By James Taylor
Congressman Matt Gore – er, I mean Matt Gaetz – unveiled a ‘Green Real Deal’ this month, showing he is in full agreement with Al Gore-style climate alarmism. Gaetz’s proposal also reveals he believes high taxes, expensive energy, and government intrusion at the expense of economic freedom are ‘conservative’ values. Unfortunately, there is nothing conservative about being just 10-percent less radical than socialist congresswoman Alexandria Ocasio-Cortez.
Parroting Al Gore’s claim that the science is settled, Gaetz fails to recognize that temperatures are rising at less than half the pace predicted by United Nations climate models. He also fails to recognize that our modest recent warming is spurring record global crop production, a dramatic greening of the Earth, a retreat of global deserts, a decline in cold temperatures that kill 20 times more people than warm or hot temperatures, and a decline in the frequency and severity of a wide array of extreme weather events. There is simply no scientific case for climate alarmism.
Even if humans were causing climate change harms, Gaetz’s Green Real Deal would do nothing to impact global temperatures. America is responsible for only 15 percent of global carbon dioxide emissions, and our emissions are in long-term decline. By contrast, emissions from the rest of the world have risen 56 percent this century. Even if America immediately and completely eliminated all carbon dioxide emissions, EPA models show less than 0.2 degree Celsius impact on global temperatures this century – an amount almost too small to be measured. Moreover, ongoing emission increases from the rest of the world would render American reductions meaningless.
Gaetz proposes massive new government spending on renewable energy technologies and dramatic cost increases for American energy. According to the American Action Forum, even replacing conventional energy with a heavy dose of new nuclear power – a much more affordable alternative to wind and solar power – would still cost American consumers up to $5.4 trillion, or $39,000 per American household.
Raising American energy prices will simply chase businesses, jobs, and emissions overseas. Even Gaetz acknowledges, “if we merely export pollution [emphasis mine], in service of our own virtue signaling, then we will not have done anything real to protect our beautiful planet. Being the world’s fool or patsy, will not combat climate change. Unilaterally disarming the American economy, through crushing regulations, will empower Washington, but few others.” And yet Gaetz’s Green Real Deal would do exactly that.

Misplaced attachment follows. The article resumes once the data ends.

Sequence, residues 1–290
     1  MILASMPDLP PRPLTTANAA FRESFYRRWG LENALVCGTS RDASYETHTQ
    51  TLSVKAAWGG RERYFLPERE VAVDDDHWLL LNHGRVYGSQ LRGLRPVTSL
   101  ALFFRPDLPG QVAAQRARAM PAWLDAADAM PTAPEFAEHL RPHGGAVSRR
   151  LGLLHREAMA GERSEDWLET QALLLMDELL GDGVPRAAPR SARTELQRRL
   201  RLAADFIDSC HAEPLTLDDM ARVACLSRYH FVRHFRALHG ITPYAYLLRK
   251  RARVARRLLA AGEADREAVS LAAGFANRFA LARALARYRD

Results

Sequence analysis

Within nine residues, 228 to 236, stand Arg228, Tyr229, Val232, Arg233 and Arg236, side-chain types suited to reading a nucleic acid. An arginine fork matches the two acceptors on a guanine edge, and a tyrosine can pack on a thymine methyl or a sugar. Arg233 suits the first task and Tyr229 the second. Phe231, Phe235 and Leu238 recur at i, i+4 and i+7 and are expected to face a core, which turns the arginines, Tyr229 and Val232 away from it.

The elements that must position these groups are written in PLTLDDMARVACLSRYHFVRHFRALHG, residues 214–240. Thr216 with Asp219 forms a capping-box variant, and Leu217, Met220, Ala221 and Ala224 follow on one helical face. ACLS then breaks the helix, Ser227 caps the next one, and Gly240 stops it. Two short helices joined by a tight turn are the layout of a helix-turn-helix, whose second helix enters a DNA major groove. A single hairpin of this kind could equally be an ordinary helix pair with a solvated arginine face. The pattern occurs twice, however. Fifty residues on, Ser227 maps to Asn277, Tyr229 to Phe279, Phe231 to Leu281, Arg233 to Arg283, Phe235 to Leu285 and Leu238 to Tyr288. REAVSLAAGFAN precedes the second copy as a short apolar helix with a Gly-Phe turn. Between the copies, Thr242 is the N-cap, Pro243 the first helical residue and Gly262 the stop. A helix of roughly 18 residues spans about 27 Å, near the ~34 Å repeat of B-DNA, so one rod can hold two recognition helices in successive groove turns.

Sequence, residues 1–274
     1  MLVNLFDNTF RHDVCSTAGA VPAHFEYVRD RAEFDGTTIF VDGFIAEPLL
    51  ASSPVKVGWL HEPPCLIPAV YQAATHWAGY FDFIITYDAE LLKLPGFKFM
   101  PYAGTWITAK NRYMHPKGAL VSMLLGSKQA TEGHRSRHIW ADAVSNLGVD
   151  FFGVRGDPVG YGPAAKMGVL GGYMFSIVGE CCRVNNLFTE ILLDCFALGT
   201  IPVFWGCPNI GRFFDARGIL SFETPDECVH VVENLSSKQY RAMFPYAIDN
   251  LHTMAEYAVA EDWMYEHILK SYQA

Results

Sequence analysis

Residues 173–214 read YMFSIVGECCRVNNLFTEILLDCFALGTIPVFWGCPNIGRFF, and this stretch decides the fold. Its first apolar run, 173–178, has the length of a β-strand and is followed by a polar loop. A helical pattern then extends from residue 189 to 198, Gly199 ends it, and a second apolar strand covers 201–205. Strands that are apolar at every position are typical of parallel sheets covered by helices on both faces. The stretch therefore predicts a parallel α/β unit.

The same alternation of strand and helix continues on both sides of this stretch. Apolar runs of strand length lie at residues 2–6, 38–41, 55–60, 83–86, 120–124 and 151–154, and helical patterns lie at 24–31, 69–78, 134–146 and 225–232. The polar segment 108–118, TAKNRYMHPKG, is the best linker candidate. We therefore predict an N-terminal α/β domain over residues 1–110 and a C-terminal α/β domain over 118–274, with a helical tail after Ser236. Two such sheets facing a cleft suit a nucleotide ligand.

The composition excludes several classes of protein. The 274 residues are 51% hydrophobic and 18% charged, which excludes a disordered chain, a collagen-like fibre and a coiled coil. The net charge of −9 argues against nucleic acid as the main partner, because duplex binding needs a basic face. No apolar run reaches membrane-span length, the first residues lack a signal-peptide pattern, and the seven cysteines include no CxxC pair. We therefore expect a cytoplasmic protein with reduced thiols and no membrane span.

Just as importantly, Gaetz’s Green Real Deal would devastate American public lands and American wildlife. Gaetz proposes a massive increase in renewable energy production on American public lands. However, it takes approximately 300 square miles of wind turbines to replace a single conventional power plant. Gaetz’s plan would sacrifice tens of thousands of square miles of pristine open lands, coastal shorelines, national parks, and forests to generate just a small amount of electricity. Moreover, a recent peer-reviewed study found that while wind turbines produced just 1 percent of American electricity, they killed 1.5 million birds and bats annually, including many protected and endangered species. Ramping up wind power to 50 percent of American electricity production, therefore, would kill an unsustainable 75 million birds and bats every year. On top of that, wind and solar equipment are dependent on rare earth minerals, and rare earth mining is perhaps the most environmentally destructive activity on the planet.
What is it that induces some liberal Republicans to believe the best way to counter radical leftist energy and climate proposals is to propose essentially the same thing, tinker a little with the edges, and then brand it ‘conservative’? Raising energy costs, raising taxes, devastating the environment, and growing government is not just economically ruinous, it is also Republican political suicide.
James Taylor is a senior fellow for environment and climate policy at The Heartland Institute.